Construction work on Indonesia’s Mandalika street circuit has been ramped up in the hope of the venue hosting its first MotoGP race in the middle of next year.
The track, which will be MotoGP’s first-ever street circuit, is currently on the reserve list on the provisional 2021 calendar. Other reserve circuits include Portimao and the Igora Drive Circuit in Russia.
As well as being the first street circuit, it’s also aiming to be the biggest event of the season. Circuit representatives say that the track can hold 150,000 spectators, with Indonesia representing 27% of the global MotoGP fanbase.
Swiss company Geobrugg has shipped 1550 mobile debris fence panels for placement around the circuit and 31 moulds to create the concrete blocks for each turn. These parts are due to arrive on the island of Lombok in January.
The Mandalika circuit is aiming to become a FIM Class A and FIA Grade 1 level circuit, with the aim of also attracting four-wheel championships in the future.
“MotoGP is our priority at the moment but we have our eye on the long term,” said Mark Hughes, interim COO of the Indonesian Tourism Development Corporation (ITDC).
“We will have car racing at some point, and it makes sense to use an FIA-endorsed product like the Geobrugg fences so that we are ready for the pinnacle of car racing if required. I’ve used Geobrugg before on other circuit projects and I think it is a fantastic product.”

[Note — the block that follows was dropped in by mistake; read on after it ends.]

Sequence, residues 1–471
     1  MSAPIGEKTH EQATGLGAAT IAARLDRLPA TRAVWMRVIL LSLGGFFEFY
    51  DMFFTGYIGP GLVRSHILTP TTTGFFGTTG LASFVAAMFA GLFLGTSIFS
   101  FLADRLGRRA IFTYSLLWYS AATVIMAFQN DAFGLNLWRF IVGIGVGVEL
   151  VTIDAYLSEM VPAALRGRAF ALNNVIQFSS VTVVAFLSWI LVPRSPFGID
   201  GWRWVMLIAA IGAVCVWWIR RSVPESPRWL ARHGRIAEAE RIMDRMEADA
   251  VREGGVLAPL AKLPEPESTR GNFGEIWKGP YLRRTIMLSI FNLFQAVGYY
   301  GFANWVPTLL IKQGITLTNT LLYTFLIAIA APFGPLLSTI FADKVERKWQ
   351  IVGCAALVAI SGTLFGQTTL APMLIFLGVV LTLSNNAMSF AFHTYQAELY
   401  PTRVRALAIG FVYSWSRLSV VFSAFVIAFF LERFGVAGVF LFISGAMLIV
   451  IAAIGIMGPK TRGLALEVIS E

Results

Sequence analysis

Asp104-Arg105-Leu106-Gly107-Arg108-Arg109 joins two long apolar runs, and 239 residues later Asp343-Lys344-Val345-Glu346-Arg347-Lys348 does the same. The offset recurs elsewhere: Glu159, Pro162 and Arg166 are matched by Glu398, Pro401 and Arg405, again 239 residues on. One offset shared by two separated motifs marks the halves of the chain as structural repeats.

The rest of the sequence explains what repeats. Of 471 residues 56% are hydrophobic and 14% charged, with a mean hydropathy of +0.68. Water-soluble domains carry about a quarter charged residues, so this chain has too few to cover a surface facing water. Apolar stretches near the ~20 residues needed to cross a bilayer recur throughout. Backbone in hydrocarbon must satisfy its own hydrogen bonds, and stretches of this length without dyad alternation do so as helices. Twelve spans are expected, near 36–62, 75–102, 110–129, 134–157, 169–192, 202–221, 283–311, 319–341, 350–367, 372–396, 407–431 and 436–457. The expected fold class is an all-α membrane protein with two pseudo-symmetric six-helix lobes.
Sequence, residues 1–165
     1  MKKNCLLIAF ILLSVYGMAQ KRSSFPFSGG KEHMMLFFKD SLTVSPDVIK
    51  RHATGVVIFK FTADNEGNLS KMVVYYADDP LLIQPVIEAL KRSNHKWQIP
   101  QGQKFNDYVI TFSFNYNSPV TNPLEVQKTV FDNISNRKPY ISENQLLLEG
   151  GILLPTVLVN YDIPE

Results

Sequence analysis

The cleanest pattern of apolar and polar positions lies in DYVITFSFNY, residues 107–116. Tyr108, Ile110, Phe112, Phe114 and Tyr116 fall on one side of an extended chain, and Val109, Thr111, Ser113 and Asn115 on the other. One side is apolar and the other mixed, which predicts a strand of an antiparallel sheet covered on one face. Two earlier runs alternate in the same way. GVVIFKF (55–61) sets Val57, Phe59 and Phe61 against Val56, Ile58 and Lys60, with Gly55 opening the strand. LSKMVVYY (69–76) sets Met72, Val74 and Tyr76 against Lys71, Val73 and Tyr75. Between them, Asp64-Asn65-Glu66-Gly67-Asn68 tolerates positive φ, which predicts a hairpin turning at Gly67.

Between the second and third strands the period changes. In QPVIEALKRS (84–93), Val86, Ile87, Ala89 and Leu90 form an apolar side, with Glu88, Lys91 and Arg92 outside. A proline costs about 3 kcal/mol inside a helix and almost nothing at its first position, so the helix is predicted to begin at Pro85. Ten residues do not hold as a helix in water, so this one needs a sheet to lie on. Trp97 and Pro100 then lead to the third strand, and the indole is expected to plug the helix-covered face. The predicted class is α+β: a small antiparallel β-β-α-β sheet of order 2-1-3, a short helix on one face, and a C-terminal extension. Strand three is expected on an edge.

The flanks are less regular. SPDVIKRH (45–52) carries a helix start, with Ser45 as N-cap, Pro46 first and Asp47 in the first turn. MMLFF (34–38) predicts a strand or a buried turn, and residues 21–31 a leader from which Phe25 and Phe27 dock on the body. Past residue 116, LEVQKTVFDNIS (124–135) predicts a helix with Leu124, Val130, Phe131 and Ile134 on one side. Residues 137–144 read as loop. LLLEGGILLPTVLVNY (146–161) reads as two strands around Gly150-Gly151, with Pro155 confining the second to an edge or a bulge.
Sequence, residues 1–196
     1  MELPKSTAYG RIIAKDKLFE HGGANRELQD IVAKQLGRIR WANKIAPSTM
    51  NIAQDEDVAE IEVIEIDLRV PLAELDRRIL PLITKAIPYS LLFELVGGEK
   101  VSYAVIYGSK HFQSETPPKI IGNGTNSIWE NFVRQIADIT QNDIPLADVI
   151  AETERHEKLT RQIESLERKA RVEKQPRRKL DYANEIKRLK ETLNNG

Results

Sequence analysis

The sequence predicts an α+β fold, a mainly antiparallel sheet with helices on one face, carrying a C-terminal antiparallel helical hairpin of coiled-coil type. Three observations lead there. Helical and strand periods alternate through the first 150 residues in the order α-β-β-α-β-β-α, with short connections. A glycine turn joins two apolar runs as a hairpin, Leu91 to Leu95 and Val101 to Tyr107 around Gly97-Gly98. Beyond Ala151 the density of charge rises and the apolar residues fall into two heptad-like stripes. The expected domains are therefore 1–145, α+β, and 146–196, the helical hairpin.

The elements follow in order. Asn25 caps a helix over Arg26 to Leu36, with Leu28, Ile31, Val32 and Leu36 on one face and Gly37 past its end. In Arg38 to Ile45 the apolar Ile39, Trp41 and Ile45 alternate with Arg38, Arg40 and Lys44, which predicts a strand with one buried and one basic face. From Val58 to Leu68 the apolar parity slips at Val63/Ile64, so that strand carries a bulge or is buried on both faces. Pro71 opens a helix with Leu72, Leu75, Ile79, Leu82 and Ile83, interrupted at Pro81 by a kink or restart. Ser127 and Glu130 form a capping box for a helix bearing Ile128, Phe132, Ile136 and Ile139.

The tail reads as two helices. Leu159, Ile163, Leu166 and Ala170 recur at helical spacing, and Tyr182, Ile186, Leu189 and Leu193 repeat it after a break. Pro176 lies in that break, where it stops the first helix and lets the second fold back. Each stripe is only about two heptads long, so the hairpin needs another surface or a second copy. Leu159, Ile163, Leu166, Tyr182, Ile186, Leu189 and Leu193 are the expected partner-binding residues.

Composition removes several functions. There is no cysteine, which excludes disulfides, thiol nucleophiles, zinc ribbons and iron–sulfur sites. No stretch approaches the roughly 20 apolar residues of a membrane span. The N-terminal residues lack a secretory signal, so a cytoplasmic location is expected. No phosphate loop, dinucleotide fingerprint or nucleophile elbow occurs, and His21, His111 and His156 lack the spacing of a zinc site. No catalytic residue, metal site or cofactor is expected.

Hughes is responsible for developing the track and the area around it as a tourist destination. The area around the circuit will include numerous luxury hotels and leisure facilities. The circuit itself is 4.32km in length and will feature 17 corners.
“It’s an incredibly fast track,” Hughes added. “We spoke with a number of riders when we were going through the different design iterations and everybody identified it as being one of the fastest tracks on the calendar.”
The production of Geobrugg concrete barriers will be done on site in order to meet the mid-2021 deadline.
“We will be providing the training of barrier production, pit wall production, panel assembly, and installation of all barrier types,” Geobrugg’s Director of Motorsport Solutions, Jochen Braunwarth said. “This will accelerate the process of installing all of the important safety elements around the track itself.”
As well as being a race circuit, Mandalika will also be a public road which gives access to the tourist facilities on site. This presented a unique challenge due to the safety requirements by the FIM for the runoff areas. They will be a lot larger than at traditional circuits which means the barriers will be further away from the track.
“That was our single biggest challenge because that’s a lot of space either side of the road,” explained Hughes. “Understandably, no one wants the riders hitting anything, the goal is for them to be able to go through the gravel and naturally come to a halt before they get to a barrier.”
Work will continue on the Indonesian circuit throughout the winter.